Tillman scholars recall doing the coin toss during Super Bowl LVII

The next big spotlight they will all be taking part in is Pat’s Run. It is the 15th largest road race in the country.
Published: Apr. 11, 2023 at 6:00 AM MST|Updated: Apr. 11, 2023 at 9:15 AM MST
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TEMPE, AZ (3TV/CBS 5) — The 19th annual Pat’s Run is just days away and the money raised from this event helps further the mission of more than 800 scholars from the Pat Tillman Foundation. The Valley played host to the Super Bowl in February, and that event gave four scholars a once-in-a-lifetime opportunity. During a Zoom call, retired Arizona Cardinals player and this year’s race starter J.J. Watt delivered the news they were chosen to do the coin toss before the big game.

Tillman Scholar Robert Ham said it was a thrill to get the news, especially from Watt. “It took me a second to process all that, but it’s very exciting,” fellow scholar Dave Prakash said.

Even more exciting for the scholars was the exposure the foundation got on a national stage. That exposure helped further Tillman’s legacy as a video about the foundation and what they do was played before the game. The next big spotlight they will all be taking part in is Pat’s Run. It is the 15th largest road race in the country.

J.J. Watt surprised the Pat Tillman Scholars with the news that they will be on the field for the coin toss as the four honorary captains of the Super Bowl.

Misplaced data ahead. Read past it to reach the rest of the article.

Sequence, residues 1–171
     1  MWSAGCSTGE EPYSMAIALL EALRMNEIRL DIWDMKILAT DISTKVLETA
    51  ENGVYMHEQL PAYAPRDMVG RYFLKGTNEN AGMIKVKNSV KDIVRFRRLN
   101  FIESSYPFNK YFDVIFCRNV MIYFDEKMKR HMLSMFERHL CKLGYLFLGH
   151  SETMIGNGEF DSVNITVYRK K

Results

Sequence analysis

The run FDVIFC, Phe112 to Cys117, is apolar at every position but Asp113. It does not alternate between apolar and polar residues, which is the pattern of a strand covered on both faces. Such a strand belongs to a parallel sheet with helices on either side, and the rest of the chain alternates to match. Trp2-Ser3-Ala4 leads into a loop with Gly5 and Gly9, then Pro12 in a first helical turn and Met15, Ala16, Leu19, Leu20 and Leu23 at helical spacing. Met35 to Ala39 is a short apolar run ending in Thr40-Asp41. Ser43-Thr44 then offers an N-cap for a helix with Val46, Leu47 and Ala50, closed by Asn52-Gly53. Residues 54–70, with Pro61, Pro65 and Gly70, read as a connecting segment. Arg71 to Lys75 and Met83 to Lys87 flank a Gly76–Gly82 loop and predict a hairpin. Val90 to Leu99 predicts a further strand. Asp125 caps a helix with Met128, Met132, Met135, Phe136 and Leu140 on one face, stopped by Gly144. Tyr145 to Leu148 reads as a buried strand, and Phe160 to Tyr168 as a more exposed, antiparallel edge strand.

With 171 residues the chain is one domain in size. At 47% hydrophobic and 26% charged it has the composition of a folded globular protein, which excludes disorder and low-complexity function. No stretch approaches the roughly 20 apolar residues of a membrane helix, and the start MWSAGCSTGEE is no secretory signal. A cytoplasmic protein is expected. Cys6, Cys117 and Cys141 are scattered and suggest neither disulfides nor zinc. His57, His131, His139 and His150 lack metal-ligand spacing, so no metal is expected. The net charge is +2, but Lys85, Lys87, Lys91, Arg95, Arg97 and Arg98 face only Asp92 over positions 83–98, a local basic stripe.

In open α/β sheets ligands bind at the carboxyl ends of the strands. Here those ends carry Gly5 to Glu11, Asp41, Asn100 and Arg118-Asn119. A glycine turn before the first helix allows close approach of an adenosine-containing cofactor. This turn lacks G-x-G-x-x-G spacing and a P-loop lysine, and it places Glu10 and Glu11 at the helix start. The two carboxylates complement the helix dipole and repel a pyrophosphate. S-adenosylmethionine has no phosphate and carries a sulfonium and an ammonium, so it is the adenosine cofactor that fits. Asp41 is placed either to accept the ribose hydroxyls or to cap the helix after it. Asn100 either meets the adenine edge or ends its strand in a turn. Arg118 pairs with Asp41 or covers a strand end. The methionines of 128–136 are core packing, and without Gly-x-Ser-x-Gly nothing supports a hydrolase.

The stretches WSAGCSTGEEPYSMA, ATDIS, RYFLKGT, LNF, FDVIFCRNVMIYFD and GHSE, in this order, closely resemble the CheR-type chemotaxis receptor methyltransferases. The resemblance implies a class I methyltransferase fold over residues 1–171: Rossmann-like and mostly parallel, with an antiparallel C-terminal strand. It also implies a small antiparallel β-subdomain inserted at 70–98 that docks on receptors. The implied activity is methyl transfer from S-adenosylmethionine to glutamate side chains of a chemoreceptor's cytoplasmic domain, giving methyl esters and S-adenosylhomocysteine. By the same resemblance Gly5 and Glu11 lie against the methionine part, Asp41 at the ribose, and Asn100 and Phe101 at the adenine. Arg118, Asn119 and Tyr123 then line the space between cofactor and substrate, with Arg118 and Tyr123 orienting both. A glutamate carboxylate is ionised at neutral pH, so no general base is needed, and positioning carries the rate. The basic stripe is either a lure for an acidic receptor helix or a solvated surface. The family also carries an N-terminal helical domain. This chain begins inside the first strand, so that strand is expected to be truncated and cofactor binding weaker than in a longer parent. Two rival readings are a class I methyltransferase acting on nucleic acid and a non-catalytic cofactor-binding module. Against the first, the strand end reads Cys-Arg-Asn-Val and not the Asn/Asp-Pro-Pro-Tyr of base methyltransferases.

Annually, the event raises $1 million in scholarship funds to help support the mission of the foundation, something current scholars say means so much. “Having left the military and gone back to business school and having the support of the Pat Tillman Foundation inspires me just as much even if not more today, than even when I saw Pat, leave the military or leave the NFL almost 20 years ago,” shared Prakash.

The scholars are each selected for their commitment to service, outstanding scholarship achievement, humble leadership and potential for impact. In June, the foundation will announce its 15th class. The scholars represent five military branches — Army, Marine Corps, Navy, Air Force, and the Coast Guard — as well as military spouses.

The humble hometown hero gave up his pro football career to enlist after 9/11 and died in Afghanistan 19 years ago this month.